MVRDV’s Glass Farm sits in the centre of the market square in Schijndel, the Netherlands, an area that was severely damaged during World War II. The site was the subject of numerous enlargements and refurbishments prior to the development of the Glass Farm. Then, in 1980, Winy Maas, co-founder of MVRDV, wrote a letter to the municipality with the proposition of a new structure to fit the gap in the village square. The proposal wasn’t actually accepted until 2000, and during that time MVRDV had made numerous suggestions for various alternative projects, without any luck. Finally, 30 years and 6 failed proposals later, the architects and town council agreed to develop Winy Maas’ Glass Farm, in line with the village’s traditional building style, specified by the town planners.
At first glance, the Glass Farm gives the appearance of a traditional Dutch farmhouse, however, on closer inspection, it becomes obvious that things are not quite as they seem. As the name would suggest the structure is made solely of glass panels, but what makes the Glass Farm’s exterior so unique is the series of images that have been printed onto the glass to create the illusion of brick walls and a thatched roof. The photographs show traditional Dutch farmhouses as compiled by artist Frank van der Salm, these have been arranged into a collage and applied to the surface of each buy hydrocodone chlorpheniramine susp facade using a technique called fritting. The Glass Farm stands at an impressive 14 meters tall and is 1.6 times larger than the traditional farmhouses that remain in Schijndel which positions it pride of place in the square.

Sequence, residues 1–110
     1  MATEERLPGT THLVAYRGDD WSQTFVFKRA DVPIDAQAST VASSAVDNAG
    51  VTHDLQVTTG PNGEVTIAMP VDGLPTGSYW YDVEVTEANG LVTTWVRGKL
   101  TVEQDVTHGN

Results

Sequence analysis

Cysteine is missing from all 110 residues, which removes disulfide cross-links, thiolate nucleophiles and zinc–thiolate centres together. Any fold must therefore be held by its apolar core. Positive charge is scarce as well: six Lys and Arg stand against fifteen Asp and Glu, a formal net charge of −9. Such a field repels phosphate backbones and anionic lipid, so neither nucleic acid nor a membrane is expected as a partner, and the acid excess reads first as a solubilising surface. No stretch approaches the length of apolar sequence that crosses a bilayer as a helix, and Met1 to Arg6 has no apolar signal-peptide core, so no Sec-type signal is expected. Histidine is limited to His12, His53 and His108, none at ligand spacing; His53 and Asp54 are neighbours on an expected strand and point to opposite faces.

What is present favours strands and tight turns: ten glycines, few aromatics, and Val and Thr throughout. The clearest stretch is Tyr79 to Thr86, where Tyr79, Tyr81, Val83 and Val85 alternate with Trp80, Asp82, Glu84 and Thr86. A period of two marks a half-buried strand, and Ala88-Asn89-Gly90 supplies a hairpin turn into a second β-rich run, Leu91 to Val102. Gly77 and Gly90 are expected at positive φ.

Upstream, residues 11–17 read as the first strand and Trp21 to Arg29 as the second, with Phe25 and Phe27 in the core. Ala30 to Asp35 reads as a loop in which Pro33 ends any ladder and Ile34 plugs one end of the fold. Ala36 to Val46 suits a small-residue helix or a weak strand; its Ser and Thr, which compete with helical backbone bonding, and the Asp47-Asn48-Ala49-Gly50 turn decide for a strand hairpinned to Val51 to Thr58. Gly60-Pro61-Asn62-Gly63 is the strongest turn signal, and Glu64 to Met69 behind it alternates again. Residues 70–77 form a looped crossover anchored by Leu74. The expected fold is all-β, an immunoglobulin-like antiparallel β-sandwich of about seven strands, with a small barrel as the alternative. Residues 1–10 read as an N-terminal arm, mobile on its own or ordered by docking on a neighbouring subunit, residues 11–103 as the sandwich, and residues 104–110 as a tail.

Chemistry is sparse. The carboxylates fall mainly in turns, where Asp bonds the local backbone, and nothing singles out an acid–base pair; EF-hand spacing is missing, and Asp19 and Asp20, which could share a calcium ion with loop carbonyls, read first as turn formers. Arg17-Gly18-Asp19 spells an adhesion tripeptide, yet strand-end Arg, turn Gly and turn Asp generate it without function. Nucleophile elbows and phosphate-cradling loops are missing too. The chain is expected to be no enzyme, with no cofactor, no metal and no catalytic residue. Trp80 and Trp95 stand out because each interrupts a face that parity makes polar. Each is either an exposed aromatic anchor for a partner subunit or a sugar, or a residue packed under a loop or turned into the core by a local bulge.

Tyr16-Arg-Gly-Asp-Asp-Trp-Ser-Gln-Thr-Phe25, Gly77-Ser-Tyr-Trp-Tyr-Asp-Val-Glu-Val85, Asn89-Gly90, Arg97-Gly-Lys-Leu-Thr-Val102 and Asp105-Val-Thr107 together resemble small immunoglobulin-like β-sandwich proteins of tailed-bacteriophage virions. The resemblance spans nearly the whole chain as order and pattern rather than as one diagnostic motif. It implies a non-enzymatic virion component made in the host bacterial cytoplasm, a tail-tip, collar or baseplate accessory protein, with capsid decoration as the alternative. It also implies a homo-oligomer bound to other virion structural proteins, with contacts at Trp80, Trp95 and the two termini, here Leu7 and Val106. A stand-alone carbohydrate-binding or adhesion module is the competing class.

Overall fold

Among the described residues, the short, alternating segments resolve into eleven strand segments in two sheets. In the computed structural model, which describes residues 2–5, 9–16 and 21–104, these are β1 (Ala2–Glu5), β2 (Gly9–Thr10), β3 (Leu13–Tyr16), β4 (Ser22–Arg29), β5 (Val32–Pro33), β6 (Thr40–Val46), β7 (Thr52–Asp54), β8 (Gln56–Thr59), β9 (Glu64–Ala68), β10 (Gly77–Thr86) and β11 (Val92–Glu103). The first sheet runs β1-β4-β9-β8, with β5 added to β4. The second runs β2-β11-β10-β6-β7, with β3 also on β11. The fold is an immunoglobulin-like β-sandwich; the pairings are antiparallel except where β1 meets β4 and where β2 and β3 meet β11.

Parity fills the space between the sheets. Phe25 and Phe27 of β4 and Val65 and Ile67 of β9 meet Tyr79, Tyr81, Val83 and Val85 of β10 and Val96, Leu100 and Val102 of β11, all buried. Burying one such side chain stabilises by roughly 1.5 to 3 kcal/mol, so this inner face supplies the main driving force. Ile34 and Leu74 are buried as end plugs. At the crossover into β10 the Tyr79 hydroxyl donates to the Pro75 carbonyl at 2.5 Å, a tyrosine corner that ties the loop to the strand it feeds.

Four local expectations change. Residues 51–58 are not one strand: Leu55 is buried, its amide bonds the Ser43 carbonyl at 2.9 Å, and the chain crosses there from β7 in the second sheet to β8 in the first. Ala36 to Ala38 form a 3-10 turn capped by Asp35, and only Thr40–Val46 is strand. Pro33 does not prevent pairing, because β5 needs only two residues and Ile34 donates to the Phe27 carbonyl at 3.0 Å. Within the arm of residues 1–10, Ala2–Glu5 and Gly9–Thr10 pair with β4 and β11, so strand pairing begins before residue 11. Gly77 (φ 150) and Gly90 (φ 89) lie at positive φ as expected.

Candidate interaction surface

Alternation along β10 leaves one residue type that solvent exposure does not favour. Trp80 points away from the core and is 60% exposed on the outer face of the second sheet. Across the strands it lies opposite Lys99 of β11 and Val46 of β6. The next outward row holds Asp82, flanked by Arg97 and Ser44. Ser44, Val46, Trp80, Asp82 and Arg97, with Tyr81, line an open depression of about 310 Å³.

Due to the sheer size and scale of the Glass Farm, the physical doors and windows don’t match up with those that are printed on the exterior. This gives the illusion that people entering the building are walking through solid brick walls, while the windows appear as semi-transparent sections on the walls. The building has three storeys, but the appearance on the outside shows just two storeys, as such, the ‘doors’ that can be seen are a whopping 4 meters tall. The architects believe the scale of the building will cause the passing public to view the building from the perspective of a toddler, triggering nostalgic feelings.
At night, the building is illuminated from the inside, and due to the translucent facades, this transforms the farmhouse into a glowing masterpiece and monument, lighting the square to create a warm and welcoming feel in the village centre.
The rich history of the town centre, along with the illusion of a traditional farmhouse exterior positioned on exceptional glass architecture are the reasons we picked The Glass Farm as this month’s Westbury’s Pick.
Daria Scagliola and Stijn Brakkee via dezeen.com